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Archive for the ‘Simon Johnson’ Category

T. Hoenig: ‘TBTF’ Banks Insufficient Equity Capital; The Case for Glass-Steagall

Posted by Larry Doyle on March 7th, 2014 7:05 AM |

I inadvertently overlooked a recent commentary written by a Sense on Cents favorite, Simon Johnson, that ran at Project Syndicate.

Johnson writes a fabulous piece entitled Truth From the Top highlighting the work of former Fed governor Thomas Hoenig about just how fragile our banking system truly is and how the politics of promoting the ‘too big to fail’ model have persisted. Let’s navigate.

It is unusual for a senior government official to produce a short, clear analytical paper. It is even rarer when the official’s argument both cuts to the core of the issue and amounts to a devastating critique of the existing order. (more…)

Simon Johnson’s Sense on Cents Classic

Posted by Larry Doyle on September 17th, 2013 9:15 AM |

On a daily basis we now get fed less than comprehensive if not fully distorted views of the last 5 years by an array of politicians, industry sponsored economists, and assorted other puppets.

While the airwaves and other outlets are filled with much of this noise, let’s take a step back so we can get the wide-angled view as to what has really transpired within our nation and the global economy. To do so, lets check in with Sense on Cents Hall of Famer Simon Johnson who provided a prescient view as to what was — and is — really going across a wide swath of our economic landscape.

In a Sense on Cents “past is prologue” classic, Johnson wrote back in 2009 in The Atlantic:  (more…)

An Insider’s Indictment of the Financial and Political Fortress

Posted by Larry Doyle on July 6th, 2009 11:02 AM |

Simon Johnson

Why is the public at large so suspect of politicians and bankers? Why has the general media taken an enormous hit for not more fully exposing the holes in our economic foundation?

There is nothing like a 40% selloff across a wide array of assets to bring out cries for transparency and integrity. In that spirit, thankfully we have a former ‘insider’ within the financial and political fortress motivated to shed some real light on these pressing issues.

The Financial Times recently interviewed Simon Johnson, former chief economist at the IMF and currently a professor at the MIT Sloan School of Management (along with being a fellow contributing author at Wall Street Pit), and published Why Hopes of a Fast Recovery Have Been Much Exaggerated.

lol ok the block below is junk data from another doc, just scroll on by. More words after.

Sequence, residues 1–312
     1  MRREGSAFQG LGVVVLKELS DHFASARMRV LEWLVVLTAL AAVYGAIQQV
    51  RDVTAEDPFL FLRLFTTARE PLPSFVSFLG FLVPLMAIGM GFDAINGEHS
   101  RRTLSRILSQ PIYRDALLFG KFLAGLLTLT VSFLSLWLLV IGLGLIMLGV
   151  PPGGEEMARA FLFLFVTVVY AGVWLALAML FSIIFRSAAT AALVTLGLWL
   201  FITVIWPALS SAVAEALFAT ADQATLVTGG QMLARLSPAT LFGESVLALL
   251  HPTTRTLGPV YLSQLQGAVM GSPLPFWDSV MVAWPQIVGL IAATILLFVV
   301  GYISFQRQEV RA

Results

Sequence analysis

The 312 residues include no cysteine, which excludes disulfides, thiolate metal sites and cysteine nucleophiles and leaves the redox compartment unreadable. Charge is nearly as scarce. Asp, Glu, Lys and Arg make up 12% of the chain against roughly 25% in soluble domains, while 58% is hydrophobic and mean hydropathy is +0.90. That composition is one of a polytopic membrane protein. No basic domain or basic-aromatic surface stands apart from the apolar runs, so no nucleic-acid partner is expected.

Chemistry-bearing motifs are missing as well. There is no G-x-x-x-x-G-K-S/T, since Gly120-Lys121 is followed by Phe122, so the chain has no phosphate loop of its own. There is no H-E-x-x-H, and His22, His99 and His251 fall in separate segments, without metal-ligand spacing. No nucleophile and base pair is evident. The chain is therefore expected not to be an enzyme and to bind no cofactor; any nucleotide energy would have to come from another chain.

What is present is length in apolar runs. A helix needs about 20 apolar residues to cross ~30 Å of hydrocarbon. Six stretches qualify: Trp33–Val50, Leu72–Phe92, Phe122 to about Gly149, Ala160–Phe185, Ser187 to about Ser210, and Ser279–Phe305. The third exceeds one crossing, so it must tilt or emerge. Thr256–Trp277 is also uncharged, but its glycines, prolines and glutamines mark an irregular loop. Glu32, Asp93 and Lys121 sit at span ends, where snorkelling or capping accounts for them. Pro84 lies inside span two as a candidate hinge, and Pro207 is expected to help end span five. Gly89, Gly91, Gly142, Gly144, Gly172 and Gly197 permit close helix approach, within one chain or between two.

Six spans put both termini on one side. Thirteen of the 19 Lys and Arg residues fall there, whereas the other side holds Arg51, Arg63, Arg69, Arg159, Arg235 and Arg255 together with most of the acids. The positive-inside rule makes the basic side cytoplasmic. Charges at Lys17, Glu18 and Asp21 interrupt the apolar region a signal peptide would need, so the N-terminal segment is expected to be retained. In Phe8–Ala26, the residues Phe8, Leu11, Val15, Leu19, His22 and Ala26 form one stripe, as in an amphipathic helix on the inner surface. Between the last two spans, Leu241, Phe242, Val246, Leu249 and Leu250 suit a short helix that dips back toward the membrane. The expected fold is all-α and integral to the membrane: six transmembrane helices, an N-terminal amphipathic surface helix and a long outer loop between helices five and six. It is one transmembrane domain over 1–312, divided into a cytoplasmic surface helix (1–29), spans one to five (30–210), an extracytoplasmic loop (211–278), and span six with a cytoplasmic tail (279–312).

Johnson comments on the constraints he experienced at the IMF:

“I was trying to speak out while I was at the IMF,” he recalls, “but certain constraints come with position, and I found it was time to speak more bluntly than I could as an official.” (LD’s highlight)

While the economy and markets are screaming for transparency and integrity, Johnson succinctly puts forth what many have long held true–don’t believe any of what you hear from a politician or a banker, and only half of what you see.

Johnson does not stop there as he boldly further implicates the power base both on Wall Street and Washington:

And blunt he was in a recent article in The Atlantic entitled, The Quiet Coup, in which he noted a disturbing similarity between emerging market failures and the US. “Elite business interests – financiers in the case of the US – have played a central role in creating the crisis,” wrote Mr Johnson, “making ever-larger gambles, with the implicit backing of the government, until the inevitable collapse.”

What he finds even more unnerving is that these special interests “are now using their influence to prevent precisely the sorts of reforms that are needed, and fast, to pull the economy out of its nosedive. The government seems helpless, or unwilling, to act against them.”

This theme of an incestuous, coordinated relationship between our financial and political industries is one I have worked to highlight often. I appreciate Johnson doing the same. While Johnson gives Washington some credit for utilizing a variety of tools to combat our economic troubles, he simultaneously indicts the Obama administration for being far too generous to the banks: (more…)

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